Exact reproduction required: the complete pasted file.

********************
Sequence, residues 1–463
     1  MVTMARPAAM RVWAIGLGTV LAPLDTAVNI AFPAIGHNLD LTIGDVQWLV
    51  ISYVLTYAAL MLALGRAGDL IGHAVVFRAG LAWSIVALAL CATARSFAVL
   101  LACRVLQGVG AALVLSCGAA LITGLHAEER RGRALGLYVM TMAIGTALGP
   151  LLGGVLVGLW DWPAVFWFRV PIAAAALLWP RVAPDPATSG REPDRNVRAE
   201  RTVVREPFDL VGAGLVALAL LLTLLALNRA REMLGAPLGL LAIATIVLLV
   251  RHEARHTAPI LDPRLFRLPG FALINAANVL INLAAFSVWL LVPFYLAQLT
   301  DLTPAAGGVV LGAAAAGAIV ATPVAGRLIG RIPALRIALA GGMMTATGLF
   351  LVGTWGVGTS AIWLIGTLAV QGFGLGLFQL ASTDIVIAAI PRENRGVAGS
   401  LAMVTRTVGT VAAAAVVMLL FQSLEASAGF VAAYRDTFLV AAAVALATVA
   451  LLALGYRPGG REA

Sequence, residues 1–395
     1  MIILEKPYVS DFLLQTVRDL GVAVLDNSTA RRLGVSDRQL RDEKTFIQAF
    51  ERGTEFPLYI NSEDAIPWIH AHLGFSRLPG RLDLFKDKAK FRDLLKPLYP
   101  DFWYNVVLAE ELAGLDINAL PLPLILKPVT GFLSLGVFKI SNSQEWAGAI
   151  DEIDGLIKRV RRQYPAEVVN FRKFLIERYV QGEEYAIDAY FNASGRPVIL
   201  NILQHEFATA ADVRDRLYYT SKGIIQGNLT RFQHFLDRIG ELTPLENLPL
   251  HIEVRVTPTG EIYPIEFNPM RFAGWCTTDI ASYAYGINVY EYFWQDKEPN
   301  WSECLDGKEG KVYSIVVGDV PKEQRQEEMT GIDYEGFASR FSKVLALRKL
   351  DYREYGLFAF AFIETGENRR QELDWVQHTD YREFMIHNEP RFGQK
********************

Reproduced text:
Sequence, residues 1–463
     1  MVTMARPAAM RVWAIGLGTV LAPLDTAVNI AFPAIGHNLD LTIGDVQWLV
    51  ISYVLTYAAL MLALGRAGDL IGHAVVFRAG LAWSIVALAL CATARSFAVL
   101  LACRVLQGVG AALVLSCGAA LITGLHAEER RGRALGLYVM TMAIGTALGP
   151  LLGGVLVGLW DWPAVFWFRV PIAAAALLWP RVAPDPATSG REPDRNVRAE
   201  RTVVREPFDL VGAGLVALAL LLTLLALNRA REMLGAPLGL LAIATIVLLV
   251  RHEARHTAPI LDPRLFRLPG FALINAANVL INLAAFSVWL LVPFYLAQLT
   301  DLTPAAGGVV LGAAAAGAIV ATPVAGRLIG RIPALRIALA GGMMTATGLF
   351  LVGTWGVGTS AIWLIGTLAV QGFGLGLFQL ASTDIVIAAI PRENRGVAGS
   401  LAMVTRTVGT VAAAAVVMLL FQSLEASAGF VAAYRDTFLV AAAVALATVA
   451  LLALGYRPGG REA

Sequence, residues 1–395
     1  MIILEKPYVS DFLLQTVRDL GVAVLDNSTA RRLGVSDRQL RDEKTFIQAF
    51  ERGTEFPLYI NSEDAIPWIH AHLGFSRLPG RLDLFKDKAK FRDLLKPLYP
   101  DFWYNVVLAE ELAGLDINAL PLPLILKPVT GFLSLGVFKI SNSQEWAGAI
   151  DEIDGLIKRV RRQYPAEVVN FRKFLIERYV QGEEYAIDAY FNASGRPVIL
   201  NILQHEFATA ADVRDRLYYT SKGIIQGNLT RFQHFLDRIG ELTPLENLPL
   251  HIEVRVTPTG EIYPIEFNPM RFAGWCTTDI ASYAYGINVY EYFWQDKEPN
   301  WSECLDGKEG KVYSIVVGDV PKEQRQEEMT GIDYEGFASR FSKVLALRKL
   351  DYREYGLFAF AFIETGENRR QELDWVQHTD YREFMIHNEP RFGQK